In my faith tradition, we often talk about refilling the cup or the well, this need to resupply ourselves with energy, with rest, with the things that inspire. For writers – or artists of any sorts – this refilling, this determination to resupply is essential. It is not an option, something we can put off because we are busy doing or making. Refilling our reserves is a requirement of being a creative person in this world.
If you’re feeling dry or can’t find the words, think back about the past few weeks or months of your life. How much have you given out? Have you given it all away without replenishing?
What Dries Us Out
What is taxing, draining, or exhausting varies from person to person. Some of us are bled dry by parenting or by our day jobs. Some of us find the weight of family crises or the hope of great things to be the source of our fatigue. Some of us are bent over by the history of trauma or loss or grief.
Hear me when I say this, my friends: The fact that you are worn thin or tired out by something is not a failure on your part. We all are made weary by some things in our lives. That is the nature of human existence on this broken earth, so please shed the guilt over being weary. There’s no value to that.
What Fills Us Up
Just like what drains us is individual so is what gives us vibrancy and energy. Some of us find time in nature to be a markedly well-filling experience, and some of us love the energy of a city street at night. Some of us enjoy a quiet night with our families and a movie, some a rousing game of Uno by the lake. A stroll through an art museum lifts some, and hours bent over an engine boisters others.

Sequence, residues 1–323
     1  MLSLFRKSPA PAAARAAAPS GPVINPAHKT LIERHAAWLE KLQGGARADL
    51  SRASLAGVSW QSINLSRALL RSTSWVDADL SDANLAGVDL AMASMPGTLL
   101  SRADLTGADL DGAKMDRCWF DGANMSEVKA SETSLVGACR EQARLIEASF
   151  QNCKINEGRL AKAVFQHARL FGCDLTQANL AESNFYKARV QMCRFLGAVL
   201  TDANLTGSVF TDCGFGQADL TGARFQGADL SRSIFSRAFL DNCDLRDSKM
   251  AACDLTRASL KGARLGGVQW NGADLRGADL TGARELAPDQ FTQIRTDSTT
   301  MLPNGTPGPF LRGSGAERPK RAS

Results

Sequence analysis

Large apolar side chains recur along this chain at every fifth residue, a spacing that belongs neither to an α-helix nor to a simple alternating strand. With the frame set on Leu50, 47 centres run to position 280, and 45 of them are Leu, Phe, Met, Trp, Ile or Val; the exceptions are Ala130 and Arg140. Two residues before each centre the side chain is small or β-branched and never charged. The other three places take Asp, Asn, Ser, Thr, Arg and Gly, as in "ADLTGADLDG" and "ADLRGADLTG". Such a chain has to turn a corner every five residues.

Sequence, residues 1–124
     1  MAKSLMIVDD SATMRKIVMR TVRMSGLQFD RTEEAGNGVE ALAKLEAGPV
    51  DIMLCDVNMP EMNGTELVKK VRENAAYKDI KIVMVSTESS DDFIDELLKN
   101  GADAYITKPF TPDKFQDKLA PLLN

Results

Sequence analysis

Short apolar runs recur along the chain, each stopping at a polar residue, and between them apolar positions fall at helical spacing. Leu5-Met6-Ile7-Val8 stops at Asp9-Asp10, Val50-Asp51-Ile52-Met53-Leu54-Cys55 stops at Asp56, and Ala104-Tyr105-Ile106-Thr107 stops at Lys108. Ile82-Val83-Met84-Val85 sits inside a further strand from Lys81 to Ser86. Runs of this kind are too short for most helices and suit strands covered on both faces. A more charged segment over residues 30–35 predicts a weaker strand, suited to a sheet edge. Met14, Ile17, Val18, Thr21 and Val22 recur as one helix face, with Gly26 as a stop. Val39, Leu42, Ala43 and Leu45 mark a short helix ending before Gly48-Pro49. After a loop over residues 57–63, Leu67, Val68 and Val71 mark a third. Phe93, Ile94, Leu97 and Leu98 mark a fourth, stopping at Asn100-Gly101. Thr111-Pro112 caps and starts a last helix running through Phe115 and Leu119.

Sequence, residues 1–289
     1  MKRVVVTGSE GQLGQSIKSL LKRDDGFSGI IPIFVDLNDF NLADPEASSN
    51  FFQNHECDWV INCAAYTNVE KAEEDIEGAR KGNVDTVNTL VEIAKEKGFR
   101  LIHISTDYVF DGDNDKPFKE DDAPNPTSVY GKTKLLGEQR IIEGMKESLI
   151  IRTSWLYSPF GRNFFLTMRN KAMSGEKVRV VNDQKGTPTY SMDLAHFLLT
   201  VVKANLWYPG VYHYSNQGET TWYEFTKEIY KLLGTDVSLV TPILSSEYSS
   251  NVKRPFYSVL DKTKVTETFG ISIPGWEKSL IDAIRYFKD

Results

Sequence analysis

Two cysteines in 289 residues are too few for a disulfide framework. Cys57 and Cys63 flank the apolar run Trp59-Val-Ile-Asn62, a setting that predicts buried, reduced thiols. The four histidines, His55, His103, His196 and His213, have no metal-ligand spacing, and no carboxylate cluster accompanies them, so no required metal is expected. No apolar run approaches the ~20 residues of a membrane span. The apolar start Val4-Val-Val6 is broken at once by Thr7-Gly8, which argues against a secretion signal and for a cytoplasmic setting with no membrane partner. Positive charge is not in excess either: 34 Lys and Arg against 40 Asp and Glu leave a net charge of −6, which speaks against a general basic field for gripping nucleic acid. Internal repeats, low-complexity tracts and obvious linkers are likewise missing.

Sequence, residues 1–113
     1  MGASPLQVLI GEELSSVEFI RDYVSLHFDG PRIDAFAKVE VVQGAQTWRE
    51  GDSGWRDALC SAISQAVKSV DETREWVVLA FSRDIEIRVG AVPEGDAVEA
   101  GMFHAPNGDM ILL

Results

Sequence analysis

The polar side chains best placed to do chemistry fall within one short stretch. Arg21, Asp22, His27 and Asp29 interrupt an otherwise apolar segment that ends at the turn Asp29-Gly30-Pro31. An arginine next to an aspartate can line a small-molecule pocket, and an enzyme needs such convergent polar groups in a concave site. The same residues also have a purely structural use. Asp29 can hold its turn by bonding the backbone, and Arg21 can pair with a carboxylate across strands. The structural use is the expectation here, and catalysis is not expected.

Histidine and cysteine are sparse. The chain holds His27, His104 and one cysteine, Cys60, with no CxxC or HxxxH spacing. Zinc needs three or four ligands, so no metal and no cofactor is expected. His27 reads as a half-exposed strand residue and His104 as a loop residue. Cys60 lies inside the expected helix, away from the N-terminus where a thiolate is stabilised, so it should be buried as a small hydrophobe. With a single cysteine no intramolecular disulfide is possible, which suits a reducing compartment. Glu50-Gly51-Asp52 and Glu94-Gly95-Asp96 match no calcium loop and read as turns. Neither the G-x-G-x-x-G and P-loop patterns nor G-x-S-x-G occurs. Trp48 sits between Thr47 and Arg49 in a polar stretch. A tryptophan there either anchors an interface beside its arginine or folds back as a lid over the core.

There is no right or wrong in what fills you (Okay, except of course if it harms you or others, so let’s not slip into the very dangerous idea that alcohol or drugs are the way to inspiration. That belief has killed far too many a writer.) Rather, the key is to find what gives you more energy that it takes.
Knowing What Works For You
The key to our understanding here is to understand what gives us energy and what takes our energy. If something takes our energy, then it is an activity that we need recovery and replenishment time from. If something rejuvenates us, then we can use it to fuel our creativity.
Here are a few things to consider:
- How do you feel when you are out in the natural world?
- How do you feel at home?
- How do feel in large groups of people?
- How do you feel when you talk with a great friend?
- How do you feel when you work with your hands?
- How do you feel when you take in art or music or a book?
- How do you feel when you watch TV or a movie?
- How do you feel when you move your body?
Maybe spend a few minutes jotting down your answers to these questions and see what you find. Then, think about how you can incorporate the restorative practices into your weekly life. Note, adding in what fills you may mean you have to give up something else. . . and I encourage you to consider that sacrifice well worth it if you want to write.
What Fills Me Up
Here are just a few of the parts of my life that give me joy and refill my writerly well, including cross-stitch (I’m working on that wedding sampler above for Philip and I.):
What fills you up? Are you building time for that in your life? Leave a comment – with a picture if you’d like – below. I’d love to hear what refills that writerly well of yours.
A quick reminder – the limited time price for our Writer’s Retreat here at the farm ends on May 31, so be sure to grab one of the last 15 seats for yourself before the price goes up. Get more information and register here – http://www.andilit.com/2017retreat. Hope to see you in exactly a month!!